9. Seems like RCBS has learned at least a few things since the 1970s. I'd like to see the instructions that came with that set. I'd imagine the instructions say to back the crimp off when using the dies for .45 auto to just straighten out the belling. And if loading .45 auto rim, then run the crimp down to apply it to that type of round. Further research on The High Road does indicate that it wasn't until about 1980 that RCBS provided a taper crimp rather than a roll crimp die in the .45 auto sets. Perhaps Lyman (my first .45 auto set) had a taper crimp offering earlier than RCBS. Good luck, GJ
  10. Made me wonder how many people practice finding their bedside firearm in total darkness. Also if they practice clearing a jam or reload in total darkness.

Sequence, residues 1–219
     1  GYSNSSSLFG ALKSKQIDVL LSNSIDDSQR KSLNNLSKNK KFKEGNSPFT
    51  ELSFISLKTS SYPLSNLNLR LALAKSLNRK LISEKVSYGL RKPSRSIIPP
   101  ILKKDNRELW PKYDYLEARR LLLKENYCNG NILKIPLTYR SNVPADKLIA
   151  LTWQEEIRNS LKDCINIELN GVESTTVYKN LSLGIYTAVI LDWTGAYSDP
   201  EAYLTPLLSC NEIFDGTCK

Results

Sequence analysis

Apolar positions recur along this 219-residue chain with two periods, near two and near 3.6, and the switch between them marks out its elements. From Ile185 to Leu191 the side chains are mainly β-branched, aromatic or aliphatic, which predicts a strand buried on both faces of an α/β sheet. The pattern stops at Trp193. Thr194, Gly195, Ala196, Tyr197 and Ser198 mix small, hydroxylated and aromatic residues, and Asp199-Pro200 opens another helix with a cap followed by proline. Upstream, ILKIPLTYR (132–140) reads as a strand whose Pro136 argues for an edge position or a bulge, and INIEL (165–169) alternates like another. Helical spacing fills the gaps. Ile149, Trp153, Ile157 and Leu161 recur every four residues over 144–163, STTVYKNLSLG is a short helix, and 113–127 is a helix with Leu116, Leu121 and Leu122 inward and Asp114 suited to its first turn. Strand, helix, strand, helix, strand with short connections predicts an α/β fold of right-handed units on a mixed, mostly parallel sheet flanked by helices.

11. I kind of did that years ago. I didn’t reenact the period clothing nor did I use flintlock guns but I camped using primitive methods. Starting a fire on a damp drizzly morning is quite a test of character. So is cooking a rabbit using a wood spit over a fire and cooking wild onions and potatoes (not really wild) just leftovers in our garden two months after harvesting. My spit fell over knocking my skillet into the fire...I had crunchy rabbit with dirty potatoes and onions...I think people pay a lot of money for those minerals and vitamins. It took me a few days but I was getting the hang of it.
  12. My RCBS 3 die .45 acp die set has a sizer, beller/deprimer, and a seater/crimp die. The "crimp ledge" is .740" from the die mouth. The dies are stamped '78, and I bought the taper crimp die (not pictured) a few years later. (edit) I found a die lock ring, and loaded five rounds with the pictured seater/crimper die, and it does NOT apply any sort of sufficient taper crimp before hitting the roll crimp ledge to allow the finished round to drop into my EGW chamber checker block.